six demon bag
Wind, fire, all that kind of thing!
Recently I noticed that I was no longer able to delete scheduled tasks on my Windows 7 test box, even though I created them myself. Deletion attempts failed with the following error:
The user account does not have permission to delete this task.
Deleting my own tasks works fine in a vanilla install of Windows 7 SP1, so the issue must have been introduced by some update along the way. I had to modify the permissions on
C:\Windows\System32\Tasks to get it to work again:
icacls "C:\Windows\System32\Tasks" /grant "Authenticated Users":(RD)
Granting "list folder/read data" on the folder itself was sufficient, since the task files are owned by the user creating them and the
CREATOR OWNER principal has full access to subfolders and files.
Posted 19:51 [permalink]
On one of my servers a query for DB2 backups in TSM (
db2adutl query full db DBNAME) failed with the following error:
Error: Initialize environment failed with TSM return code 106
dsmrc.h return code 106 indicates a permission problem:
#define DSM_RC_ACCESS_DENIED 106 /* denied due to improper permission */
which was weird, since the user in question is a member of the DB2ADMNS group that is supposed to have all required permissions.
Posted 23:40 [permalink]
Sometimes you run into a situation where you need to determine the permissions on some directory tree. Be it to document or clean up permissions on the subdirectories of a share, to troubleshoot permission issues due to deleted accounts or groups, or whatever. Manually analyzing permissions is quite tedious, even when using standard tools like
xcacls. The output of
XCACLS.vbs isn't any better, but since it's a script, I considered modifying it to suit my needs … until I took an actual look at the script. I abondoned the thought afterwards.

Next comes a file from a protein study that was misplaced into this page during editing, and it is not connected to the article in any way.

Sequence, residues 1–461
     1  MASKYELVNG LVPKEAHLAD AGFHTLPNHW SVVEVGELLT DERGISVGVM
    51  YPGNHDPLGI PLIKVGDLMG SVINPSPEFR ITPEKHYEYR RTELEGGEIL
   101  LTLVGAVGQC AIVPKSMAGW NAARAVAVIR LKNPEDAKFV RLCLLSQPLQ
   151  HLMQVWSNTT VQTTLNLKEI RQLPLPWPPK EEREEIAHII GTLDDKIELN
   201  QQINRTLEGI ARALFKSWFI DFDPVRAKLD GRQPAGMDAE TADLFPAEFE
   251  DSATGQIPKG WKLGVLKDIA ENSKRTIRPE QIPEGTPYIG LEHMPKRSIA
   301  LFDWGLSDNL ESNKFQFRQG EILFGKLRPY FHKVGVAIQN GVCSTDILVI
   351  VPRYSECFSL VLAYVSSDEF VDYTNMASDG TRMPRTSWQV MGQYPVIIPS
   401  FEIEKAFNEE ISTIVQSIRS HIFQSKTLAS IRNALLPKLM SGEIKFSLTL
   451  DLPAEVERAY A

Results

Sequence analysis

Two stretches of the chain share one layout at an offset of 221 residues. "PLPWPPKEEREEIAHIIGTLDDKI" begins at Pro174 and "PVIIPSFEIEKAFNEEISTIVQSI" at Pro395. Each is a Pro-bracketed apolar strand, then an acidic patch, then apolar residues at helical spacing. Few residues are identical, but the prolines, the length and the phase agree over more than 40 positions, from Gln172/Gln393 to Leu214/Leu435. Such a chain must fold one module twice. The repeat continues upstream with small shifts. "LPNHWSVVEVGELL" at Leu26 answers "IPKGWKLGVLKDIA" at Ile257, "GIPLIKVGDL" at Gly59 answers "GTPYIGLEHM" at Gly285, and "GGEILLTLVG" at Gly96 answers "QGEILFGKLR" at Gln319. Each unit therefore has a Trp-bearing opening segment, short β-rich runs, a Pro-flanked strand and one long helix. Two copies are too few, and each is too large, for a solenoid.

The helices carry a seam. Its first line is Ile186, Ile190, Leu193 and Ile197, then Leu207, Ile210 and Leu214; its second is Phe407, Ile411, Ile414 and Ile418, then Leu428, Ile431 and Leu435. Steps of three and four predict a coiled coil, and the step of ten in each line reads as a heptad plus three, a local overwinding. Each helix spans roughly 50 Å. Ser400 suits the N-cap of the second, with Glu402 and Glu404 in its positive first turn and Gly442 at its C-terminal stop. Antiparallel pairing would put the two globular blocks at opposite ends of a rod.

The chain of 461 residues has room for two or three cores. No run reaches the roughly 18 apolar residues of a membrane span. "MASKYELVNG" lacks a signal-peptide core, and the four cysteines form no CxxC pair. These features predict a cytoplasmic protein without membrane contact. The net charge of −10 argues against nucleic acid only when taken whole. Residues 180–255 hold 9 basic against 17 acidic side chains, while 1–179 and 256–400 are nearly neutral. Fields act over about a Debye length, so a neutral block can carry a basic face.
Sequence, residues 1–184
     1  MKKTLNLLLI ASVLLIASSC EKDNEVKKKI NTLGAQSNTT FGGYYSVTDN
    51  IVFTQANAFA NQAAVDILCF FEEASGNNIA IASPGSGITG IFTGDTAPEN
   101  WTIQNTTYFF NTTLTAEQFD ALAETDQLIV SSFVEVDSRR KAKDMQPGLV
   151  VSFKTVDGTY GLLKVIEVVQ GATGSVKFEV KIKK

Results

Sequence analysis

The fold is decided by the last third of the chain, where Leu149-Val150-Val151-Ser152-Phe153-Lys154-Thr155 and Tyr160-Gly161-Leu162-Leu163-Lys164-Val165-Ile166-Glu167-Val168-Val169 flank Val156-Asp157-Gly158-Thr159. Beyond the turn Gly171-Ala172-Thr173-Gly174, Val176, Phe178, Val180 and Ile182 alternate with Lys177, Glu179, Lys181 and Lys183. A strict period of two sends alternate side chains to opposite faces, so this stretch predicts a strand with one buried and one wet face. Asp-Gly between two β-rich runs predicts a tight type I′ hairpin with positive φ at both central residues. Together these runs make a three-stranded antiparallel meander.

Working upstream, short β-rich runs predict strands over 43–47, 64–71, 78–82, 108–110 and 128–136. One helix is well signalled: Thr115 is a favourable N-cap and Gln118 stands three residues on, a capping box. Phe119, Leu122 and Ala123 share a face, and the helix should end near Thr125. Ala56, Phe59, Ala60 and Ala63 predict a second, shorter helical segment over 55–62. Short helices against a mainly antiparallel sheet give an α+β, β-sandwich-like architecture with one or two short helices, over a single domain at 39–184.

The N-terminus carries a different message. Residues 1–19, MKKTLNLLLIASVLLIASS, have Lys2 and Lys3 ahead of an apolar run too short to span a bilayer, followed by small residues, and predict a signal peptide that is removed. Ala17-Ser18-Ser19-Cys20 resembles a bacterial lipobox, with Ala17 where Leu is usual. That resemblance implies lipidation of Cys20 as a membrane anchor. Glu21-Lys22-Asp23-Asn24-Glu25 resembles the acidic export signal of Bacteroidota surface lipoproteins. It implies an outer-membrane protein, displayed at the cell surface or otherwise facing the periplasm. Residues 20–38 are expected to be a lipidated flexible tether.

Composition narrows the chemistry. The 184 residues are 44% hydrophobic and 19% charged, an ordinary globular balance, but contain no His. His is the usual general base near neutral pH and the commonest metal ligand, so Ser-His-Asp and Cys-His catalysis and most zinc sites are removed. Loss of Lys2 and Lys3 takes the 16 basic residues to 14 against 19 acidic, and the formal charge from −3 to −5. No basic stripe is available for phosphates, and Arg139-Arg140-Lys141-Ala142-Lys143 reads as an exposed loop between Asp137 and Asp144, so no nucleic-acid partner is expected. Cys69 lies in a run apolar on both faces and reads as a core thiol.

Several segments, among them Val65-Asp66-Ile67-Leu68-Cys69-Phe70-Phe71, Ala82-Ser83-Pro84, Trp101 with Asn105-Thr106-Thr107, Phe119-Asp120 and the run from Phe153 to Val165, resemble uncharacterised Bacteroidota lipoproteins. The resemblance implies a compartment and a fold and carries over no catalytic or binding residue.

Posted 20:14 [permalink]
I've been working on a project where I needed to migrate (clone actually, in order to maintain a fallback scenario) virtual machines from external (standalone) Hyper-V hosts to a Hyper-V cluster. The external hypervisors were not members of the same domain as the cluster nodes. The networks were separated by a firewall. A trust relationship between the domains was not desired.
System Center Virtual Machine Manager 2012 (SCVMM) supports this scenario, but there are several steps that must be performed to prepare for the migration.
Posted 20:03 [permalink]
A great deal of Windows software requires to be run with administrative or at least power user privileges for no good reason. That's a Bad Thing™, because it enables any user to compromise the system. Most of this software can, however, be talked into running with a normal user's privileges. The problem is usually that the program attempts to write temporary data, configuration data and other stuff like that to places a normal user can't write to. In this article I will describe the procedure I usually apply when having to deal with reluctant software.
Posted 11:27 [permalink]
Dual-booting Windows 9x and Windows 2000
(Windows 2000 installed first)
Let's say you would like to install Windows 9x and Windows 2000 on the same computer and make the system dual-boot. What would be the right order to install the operating systems?
Microsoft suggests to install Windows 9x first and Windows 2000 afterwards. Although this is the easy way I suggest not to do so. The procedure will install the bootloader on the Windows 9x partition where it cannot be protected by NTFS ACLs (the FAT filesystems do not support permissions). Maybe you have heard that installing Windows 9x first was the only possibility to dual-boot Windows 9x and 2000. Rest assured that's nothing but an urban legend. It is possible, although not as simple as the other way.
Posted 12:49 [permalink]